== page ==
A heap of curious University of Adelaide researchers have found that planting cover crops directly underneath grapevines can help mitigate the effects of climate change and improve land sustainability, causing a 23 per cent increase in soil organic carbon.
The rise in SOC was recorded when compared to a standard method of spraying herbicide on the soil, while increasing levels of SOC can promote soil structure, improves soil aeration, water drainage and retention, along with removing carbon dioxide from the atmosphere.
University of Adelaide PhD student and lead author Joseph Marks, said the benefits of planting cover crops between the rows of vineyards was well known but less research had been conducted on the effects of under-vine cover crops.
"We found that cover crop-managed soil under-vine retains up to 23 per cent more soil organic carbon as the traditional, herbicide practice over a five-year period of growth.
"Microbial activity increased by more than double in cover crop soils, owing to an increase in dissolved organic carbon and that there is evidence for more resistant carbon in cover crop soils.
"These results suggest that cover crop management under-vine is a potential solution to increase SOC stocks within vineyard systems."
Mr Marks said study results indicate that a shift from bare earth to cover crops in the under-vine region had the potential to contain carbon in vineyard soils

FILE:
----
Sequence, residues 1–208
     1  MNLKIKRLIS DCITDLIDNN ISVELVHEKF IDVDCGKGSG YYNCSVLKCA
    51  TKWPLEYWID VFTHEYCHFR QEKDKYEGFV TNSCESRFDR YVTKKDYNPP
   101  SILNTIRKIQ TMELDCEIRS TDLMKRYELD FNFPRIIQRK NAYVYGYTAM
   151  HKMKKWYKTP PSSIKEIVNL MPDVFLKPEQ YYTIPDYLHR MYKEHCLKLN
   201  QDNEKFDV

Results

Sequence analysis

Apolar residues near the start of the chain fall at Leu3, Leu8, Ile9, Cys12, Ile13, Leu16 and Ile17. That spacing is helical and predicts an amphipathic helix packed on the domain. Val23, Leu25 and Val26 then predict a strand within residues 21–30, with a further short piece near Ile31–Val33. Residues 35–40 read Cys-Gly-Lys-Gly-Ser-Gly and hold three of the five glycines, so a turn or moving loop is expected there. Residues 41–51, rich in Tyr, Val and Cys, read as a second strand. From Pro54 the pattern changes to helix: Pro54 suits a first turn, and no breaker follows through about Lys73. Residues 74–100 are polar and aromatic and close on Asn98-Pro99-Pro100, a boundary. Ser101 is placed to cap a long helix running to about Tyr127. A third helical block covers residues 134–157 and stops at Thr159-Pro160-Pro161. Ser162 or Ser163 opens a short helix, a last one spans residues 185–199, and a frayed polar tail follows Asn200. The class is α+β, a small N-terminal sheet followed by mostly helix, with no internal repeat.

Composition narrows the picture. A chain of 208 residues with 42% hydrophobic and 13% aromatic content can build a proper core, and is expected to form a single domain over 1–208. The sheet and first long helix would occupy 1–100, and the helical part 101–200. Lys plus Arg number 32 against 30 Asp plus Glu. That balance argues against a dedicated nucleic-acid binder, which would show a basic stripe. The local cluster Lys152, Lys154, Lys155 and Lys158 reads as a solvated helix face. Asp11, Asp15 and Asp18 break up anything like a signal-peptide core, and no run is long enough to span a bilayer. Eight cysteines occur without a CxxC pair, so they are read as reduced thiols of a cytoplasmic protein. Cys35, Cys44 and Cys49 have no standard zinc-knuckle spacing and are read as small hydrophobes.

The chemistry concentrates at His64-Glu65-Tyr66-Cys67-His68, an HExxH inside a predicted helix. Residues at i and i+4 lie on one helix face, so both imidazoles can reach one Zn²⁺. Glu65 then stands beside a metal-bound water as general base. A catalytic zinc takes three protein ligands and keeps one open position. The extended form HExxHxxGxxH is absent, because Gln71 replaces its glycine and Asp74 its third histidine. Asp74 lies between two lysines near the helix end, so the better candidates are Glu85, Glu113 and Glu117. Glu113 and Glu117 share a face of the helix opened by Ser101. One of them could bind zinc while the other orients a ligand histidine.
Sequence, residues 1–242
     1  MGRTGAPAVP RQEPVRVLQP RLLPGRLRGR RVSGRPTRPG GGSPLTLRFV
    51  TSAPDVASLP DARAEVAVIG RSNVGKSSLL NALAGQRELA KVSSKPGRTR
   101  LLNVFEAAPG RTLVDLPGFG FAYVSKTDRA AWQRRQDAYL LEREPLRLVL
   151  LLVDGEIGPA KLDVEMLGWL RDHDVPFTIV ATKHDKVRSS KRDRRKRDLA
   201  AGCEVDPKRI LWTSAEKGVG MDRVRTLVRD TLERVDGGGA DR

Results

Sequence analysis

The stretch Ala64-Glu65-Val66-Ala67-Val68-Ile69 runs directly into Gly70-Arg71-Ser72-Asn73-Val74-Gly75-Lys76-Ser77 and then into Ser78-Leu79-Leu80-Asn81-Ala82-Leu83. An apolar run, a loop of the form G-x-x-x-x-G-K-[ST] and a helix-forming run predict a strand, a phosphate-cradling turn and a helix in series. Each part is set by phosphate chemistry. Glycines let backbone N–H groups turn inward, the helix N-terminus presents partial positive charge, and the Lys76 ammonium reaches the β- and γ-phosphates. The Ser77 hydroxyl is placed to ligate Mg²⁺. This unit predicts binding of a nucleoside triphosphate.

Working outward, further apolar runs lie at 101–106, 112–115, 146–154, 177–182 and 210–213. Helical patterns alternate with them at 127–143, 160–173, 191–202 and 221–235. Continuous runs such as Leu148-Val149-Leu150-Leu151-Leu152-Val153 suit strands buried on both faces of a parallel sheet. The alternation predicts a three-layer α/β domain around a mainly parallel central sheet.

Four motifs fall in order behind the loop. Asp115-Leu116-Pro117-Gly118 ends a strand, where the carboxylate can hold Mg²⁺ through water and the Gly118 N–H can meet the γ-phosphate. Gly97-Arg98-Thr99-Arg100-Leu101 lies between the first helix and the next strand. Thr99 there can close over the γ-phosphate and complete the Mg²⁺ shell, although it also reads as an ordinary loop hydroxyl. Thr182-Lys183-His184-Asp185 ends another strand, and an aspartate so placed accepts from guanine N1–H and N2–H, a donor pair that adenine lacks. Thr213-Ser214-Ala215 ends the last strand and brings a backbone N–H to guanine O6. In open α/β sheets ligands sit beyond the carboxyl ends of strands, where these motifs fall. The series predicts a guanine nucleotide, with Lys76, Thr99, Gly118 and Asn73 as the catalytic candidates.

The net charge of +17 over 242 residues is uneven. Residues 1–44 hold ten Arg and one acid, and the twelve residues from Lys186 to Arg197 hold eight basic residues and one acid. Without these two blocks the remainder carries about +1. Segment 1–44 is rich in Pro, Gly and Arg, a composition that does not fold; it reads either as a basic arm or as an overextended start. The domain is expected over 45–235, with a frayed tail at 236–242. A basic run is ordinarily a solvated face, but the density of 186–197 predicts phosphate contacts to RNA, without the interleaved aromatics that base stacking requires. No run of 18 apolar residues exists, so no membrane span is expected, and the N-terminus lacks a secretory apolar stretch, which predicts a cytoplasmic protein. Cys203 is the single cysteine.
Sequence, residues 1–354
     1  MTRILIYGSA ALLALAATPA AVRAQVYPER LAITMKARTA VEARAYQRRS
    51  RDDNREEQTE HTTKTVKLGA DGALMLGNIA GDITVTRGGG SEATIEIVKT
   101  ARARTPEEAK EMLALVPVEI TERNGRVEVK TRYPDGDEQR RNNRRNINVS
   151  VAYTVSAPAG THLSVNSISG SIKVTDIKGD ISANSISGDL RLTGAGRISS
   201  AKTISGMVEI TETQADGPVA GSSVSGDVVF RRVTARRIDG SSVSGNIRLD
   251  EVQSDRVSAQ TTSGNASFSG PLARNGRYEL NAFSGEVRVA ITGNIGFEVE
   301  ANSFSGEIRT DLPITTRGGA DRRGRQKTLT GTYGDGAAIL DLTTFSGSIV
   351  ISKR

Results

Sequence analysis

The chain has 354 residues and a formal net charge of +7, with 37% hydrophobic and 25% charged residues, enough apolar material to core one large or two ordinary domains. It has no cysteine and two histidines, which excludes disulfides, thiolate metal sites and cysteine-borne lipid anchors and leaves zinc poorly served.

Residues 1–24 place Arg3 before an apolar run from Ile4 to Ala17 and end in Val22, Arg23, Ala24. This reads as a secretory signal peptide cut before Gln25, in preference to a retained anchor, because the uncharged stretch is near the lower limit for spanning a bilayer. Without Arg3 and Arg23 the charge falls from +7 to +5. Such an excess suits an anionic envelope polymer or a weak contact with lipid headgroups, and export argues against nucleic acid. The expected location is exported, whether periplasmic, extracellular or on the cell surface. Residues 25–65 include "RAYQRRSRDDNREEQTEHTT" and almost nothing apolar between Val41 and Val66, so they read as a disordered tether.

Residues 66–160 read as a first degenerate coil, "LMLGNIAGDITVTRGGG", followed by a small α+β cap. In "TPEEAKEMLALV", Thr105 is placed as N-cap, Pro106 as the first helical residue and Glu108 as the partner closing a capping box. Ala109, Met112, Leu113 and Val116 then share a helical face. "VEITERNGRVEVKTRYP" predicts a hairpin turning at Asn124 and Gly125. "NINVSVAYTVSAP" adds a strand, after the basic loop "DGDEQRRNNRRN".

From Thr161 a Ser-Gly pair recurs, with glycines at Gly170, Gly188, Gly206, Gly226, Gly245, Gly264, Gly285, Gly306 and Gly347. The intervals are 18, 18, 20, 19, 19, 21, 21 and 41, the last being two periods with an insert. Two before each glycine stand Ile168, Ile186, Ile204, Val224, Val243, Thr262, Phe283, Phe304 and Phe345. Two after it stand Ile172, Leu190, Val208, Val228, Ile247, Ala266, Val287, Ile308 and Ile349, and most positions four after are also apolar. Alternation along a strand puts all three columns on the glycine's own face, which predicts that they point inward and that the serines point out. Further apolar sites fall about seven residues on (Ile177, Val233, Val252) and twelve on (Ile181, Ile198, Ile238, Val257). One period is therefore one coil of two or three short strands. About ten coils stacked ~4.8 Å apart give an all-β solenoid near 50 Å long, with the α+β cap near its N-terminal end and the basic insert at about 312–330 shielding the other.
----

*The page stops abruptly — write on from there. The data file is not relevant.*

The study was conducted on two vineyard sites established in 2014, examining soil from four different treatments, including two cover crop combinations, a straw mulch and a herbicide-managed control.
Soils were sampled under-vine to depths of up to 30 centimetres and were analysed for concentrations of soil organic carbon and bulk density, to determine the level of soil organic carbon in the soil.
Cover crops are planted to provide soil cover rather than for the purpose of being harvested.
They are used to slow erosion, improve soil health, enhance water availability, smother weeds, help control pests and diseases and increase biodiversity.
Dr Thomas Lines, Chris Penfold and Professor Tim Cavagnaro also contributed to the research.
Support for the research came from Wine Australia, who provided support through its top-up scholarship program and awarded Mr Marks the inaugural Dr Tony Jordan OAM Award in 2020, providing additional funds towards his research.
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